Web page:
By Kyle Gillespie
Something exciting happens when the sun goes down in the central Philippines. I'm not talking about the karaoke bars or the evening basketball games. Shortly after dusk, the reefs become flooded with fantastic and exotic creatures. It starts as a trickle.
As the last rays of sunshine disappear below the horizon a few crabs scurry from out of crevices. The trickle quickly becomes a torrent as basket stars unfurl their arms, snails with shells the size of grapefruit begin to hunt, and squid and octopus dance past flashing brilliant colours and patterns. The parade of creatures lasts until dawn and this past summer I had front rows seats here in at the epicentre of ocean biodiversity.
It's hard to believe that fish represent only about 5% of all the animals on coral reefs while an astonishing 95% of reef biodiversity is made up of spineless creatures, or invertebrates. And they are absolutely fascinating: Cuttlefish are intelligent, vicious hunters; decorator crabs wear elaborate costumes and tube worms use intricate, umbrella-like structures to filter food from the water. In many regions of the Philippines they make up a quarter to a half of fisher catch, sold to local and distant markets or consumed as important protein source for fishers and their families.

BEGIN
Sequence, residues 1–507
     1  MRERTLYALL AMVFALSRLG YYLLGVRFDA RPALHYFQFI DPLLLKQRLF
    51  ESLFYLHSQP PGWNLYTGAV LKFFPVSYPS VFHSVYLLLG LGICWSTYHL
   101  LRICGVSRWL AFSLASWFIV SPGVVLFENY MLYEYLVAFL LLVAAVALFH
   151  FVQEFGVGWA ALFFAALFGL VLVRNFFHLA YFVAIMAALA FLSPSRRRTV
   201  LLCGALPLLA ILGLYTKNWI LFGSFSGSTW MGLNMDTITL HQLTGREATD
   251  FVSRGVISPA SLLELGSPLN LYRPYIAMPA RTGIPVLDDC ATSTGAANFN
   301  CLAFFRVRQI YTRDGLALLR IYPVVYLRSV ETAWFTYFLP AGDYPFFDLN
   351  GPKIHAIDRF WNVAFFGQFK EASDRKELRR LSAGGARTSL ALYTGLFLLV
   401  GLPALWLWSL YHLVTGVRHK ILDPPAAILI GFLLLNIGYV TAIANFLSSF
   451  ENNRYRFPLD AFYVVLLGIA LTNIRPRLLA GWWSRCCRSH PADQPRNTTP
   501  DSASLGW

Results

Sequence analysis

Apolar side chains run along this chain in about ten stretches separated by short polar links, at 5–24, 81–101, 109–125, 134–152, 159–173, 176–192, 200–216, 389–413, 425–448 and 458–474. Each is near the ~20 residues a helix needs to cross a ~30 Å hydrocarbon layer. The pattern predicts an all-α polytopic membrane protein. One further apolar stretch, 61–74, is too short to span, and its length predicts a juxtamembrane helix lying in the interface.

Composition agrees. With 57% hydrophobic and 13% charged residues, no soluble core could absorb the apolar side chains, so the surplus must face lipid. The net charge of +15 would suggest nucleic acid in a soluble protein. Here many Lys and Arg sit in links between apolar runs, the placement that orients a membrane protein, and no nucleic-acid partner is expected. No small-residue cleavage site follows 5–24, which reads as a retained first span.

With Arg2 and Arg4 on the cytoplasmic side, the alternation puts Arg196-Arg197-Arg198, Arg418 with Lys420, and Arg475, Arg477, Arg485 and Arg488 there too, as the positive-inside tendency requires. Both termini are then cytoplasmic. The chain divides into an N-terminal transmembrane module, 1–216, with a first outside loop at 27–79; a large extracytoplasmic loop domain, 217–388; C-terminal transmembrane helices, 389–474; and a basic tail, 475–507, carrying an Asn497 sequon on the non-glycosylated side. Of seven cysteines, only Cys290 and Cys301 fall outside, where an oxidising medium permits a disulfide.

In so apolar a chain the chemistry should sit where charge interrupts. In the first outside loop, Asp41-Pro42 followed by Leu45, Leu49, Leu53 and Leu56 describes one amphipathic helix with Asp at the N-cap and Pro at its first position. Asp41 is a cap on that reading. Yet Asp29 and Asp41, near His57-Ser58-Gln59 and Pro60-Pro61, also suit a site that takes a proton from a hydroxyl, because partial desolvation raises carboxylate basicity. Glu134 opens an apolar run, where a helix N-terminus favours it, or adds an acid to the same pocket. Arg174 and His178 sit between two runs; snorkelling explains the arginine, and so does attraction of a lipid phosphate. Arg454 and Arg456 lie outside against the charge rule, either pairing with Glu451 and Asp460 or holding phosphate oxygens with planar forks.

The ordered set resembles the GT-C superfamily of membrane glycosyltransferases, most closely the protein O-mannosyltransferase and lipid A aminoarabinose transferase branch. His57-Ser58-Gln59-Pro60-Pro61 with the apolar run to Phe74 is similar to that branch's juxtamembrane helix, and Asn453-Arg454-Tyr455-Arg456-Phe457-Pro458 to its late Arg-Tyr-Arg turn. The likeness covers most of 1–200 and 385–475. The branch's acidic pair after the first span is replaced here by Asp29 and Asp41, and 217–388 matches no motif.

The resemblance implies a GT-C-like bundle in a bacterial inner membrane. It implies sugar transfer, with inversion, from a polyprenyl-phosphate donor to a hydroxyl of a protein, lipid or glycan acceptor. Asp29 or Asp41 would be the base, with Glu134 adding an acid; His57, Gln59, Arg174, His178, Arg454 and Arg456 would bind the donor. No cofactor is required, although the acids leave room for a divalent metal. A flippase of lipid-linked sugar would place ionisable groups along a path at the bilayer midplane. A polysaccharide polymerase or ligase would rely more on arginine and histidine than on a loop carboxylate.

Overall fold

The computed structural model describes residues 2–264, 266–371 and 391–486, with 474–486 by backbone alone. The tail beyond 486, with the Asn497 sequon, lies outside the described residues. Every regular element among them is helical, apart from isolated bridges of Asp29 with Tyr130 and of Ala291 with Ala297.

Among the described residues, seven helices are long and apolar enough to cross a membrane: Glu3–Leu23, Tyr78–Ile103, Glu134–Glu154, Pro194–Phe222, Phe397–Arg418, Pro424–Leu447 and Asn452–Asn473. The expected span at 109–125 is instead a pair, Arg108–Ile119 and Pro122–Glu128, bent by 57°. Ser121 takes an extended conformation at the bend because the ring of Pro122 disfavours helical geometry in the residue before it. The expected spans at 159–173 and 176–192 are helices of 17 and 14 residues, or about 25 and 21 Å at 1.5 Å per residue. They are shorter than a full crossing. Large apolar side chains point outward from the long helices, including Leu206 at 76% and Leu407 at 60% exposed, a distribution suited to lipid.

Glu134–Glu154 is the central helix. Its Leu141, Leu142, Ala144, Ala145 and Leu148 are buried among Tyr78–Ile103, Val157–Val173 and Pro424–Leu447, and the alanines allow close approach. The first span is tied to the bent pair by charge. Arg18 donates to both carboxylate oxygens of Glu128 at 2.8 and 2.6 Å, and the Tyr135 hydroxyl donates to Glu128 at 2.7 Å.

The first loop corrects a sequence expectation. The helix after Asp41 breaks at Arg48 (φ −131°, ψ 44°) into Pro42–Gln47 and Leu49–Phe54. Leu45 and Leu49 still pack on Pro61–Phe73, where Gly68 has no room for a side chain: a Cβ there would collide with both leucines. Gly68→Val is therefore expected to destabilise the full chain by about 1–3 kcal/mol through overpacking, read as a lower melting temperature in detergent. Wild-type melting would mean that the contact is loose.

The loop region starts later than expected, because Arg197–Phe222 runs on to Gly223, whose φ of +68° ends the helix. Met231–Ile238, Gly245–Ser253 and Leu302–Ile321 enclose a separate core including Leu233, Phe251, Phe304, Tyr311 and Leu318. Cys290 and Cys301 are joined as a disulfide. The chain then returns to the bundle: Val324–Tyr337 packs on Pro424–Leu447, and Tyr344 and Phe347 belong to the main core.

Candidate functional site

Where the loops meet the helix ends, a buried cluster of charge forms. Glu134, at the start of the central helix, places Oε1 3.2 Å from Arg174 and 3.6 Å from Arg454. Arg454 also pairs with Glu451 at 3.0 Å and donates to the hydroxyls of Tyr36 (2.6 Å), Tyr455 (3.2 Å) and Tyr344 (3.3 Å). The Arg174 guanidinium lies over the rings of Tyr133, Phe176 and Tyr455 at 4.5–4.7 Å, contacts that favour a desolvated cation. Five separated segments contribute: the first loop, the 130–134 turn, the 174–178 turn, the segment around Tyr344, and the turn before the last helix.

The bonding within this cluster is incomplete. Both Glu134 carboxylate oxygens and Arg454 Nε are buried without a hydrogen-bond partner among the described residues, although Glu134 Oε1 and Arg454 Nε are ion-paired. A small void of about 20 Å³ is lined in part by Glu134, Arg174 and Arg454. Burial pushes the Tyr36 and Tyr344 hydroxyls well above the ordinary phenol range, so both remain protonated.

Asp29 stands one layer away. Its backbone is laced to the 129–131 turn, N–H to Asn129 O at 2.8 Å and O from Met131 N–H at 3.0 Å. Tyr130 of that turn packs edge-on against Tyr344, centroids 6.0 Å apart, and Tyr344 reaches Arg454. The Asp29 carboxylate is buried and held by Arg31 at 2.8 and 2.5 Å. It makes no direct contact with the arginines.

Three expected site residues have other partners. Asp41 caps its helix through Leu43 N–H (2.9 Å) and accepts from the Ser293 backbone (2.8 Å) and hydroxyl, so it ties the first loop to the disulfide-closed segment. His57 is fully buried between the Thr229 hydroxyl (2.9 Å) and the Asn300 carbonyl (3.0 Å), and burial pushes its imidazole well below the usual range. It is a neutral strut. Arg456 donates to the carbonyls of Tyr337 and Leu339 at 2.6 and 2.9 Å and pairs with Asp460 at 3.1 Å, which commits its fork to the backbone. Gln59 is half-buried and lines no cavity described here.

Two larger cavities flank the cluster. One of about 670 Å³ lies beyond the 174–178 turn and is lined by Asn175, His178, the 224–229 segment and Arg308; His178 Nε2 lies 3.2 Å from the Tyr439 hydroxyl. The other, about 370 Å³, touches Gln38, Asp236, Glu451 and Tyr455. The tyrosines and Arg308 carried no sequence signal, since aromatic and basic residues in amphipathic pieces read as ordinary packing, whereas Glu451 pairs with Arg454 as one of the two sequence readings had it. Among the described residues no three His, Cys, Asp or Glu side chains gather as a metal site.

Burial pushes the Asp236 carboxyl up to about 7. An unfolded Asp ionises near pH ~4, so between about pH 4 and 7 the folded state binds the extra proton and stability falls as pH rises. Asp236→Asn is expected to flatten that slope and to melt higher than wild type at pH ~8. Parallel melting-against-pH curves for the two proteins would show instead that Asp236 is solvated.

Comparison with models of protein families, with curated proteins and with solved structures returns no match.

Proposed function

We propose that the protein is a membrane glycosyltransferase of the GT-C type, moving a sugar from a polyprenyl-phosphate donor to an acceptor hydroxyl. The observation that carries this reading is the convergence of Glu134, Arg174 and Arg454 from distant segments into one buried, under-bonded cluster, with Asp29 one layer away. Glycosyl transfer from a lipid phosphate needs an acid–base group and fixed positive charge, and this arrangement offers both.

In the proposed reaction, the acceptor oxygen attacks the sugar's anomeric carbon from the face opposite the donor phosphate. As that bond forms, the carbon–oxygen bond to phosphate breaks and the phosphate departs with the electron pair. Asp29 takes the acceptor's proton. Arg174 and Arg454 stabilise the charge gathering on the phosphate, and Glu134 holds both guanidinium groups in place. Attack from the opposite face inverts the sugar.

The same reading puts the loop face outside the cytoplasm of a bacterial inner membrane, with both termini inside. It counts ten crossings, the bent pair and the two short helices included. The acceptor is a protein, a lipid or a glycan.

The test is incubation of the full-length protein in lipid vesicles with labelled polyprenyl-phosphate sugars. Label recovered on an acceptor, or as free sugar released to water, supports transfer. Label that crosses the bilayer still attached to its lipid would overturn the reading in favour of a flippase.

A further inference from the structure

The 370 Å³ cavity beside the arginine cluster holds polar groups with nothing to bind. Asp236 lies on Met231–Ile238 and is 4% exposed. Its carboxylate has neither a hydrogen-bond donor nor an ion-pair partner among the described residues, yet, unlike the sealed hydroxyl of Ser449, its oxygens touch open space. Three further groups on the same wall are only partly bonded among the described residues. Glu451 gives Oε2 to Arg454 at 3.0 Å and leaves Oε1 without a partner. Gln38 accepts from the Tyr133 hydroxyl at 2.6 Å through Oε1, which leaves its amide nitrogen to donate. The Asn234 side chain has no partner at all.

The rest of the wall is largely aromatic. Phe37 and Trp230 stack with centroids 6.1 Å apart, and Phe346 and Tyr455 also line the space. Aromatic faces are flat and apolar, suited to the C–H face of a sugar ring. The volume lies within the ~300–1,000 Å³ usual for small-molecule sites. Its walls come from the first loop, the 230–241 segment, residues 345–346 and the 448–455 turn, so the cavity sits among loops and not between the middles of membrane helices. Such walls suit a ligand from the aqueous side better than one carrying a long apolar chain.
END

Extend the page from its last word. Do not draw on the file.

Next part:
In spite of their importance to humans, invertebrates are nearly always overlooked in marine ecological and conservation science. We do know that they are vitally important for the proper functioning of marine ecosystems, but when it comes to how they structure our oceans and how we can best conserve them, there are many more questions than there are answers.
As a graduate student with Project Seahorse, I’m trying to answer some of these questions so we can better tailor our conservation programmes to the reality of marine ecosystems and the fisheries that depend on them. Only by taking a holistic approach, one that takes invertebrates as well as fish into account, can we develop truly effective conservation solutions to some of conservation’s most intractable problems.
In 2013, for the fieldwork component of my research, I traveled from Vancouver to Danajon Bank in the central Philippines where Project Seahorse has worked for the past two decades. If you’ve been following our work, you might already know that this 130-km double-barrier reef off the north coast of Bohol Province is considered by scientists to be the cradle of marine biodiversity in the Pacific Ocean. Many species found all over the Pacific are thought to have first evolved here. During our time here, Project Seahorse has helped establish 35 community-run marine protected areas (MPAs) on Danajon Bank.
For four months I dived every night inside and outside of these MPAs, spoke with fishers about the importance of invertebrates to their livelihoods, and assessed how well managed and enforced the reserves are. During my field season, I was able to see many different and fascinating creatures, and spend time with some of the warmest people I have ever met.
Over the next few months I’ll be blogging in this space about some of these incredible invertebrates, their roles in marine ecosystems, and their importance to small fishing communities. Stay tuned!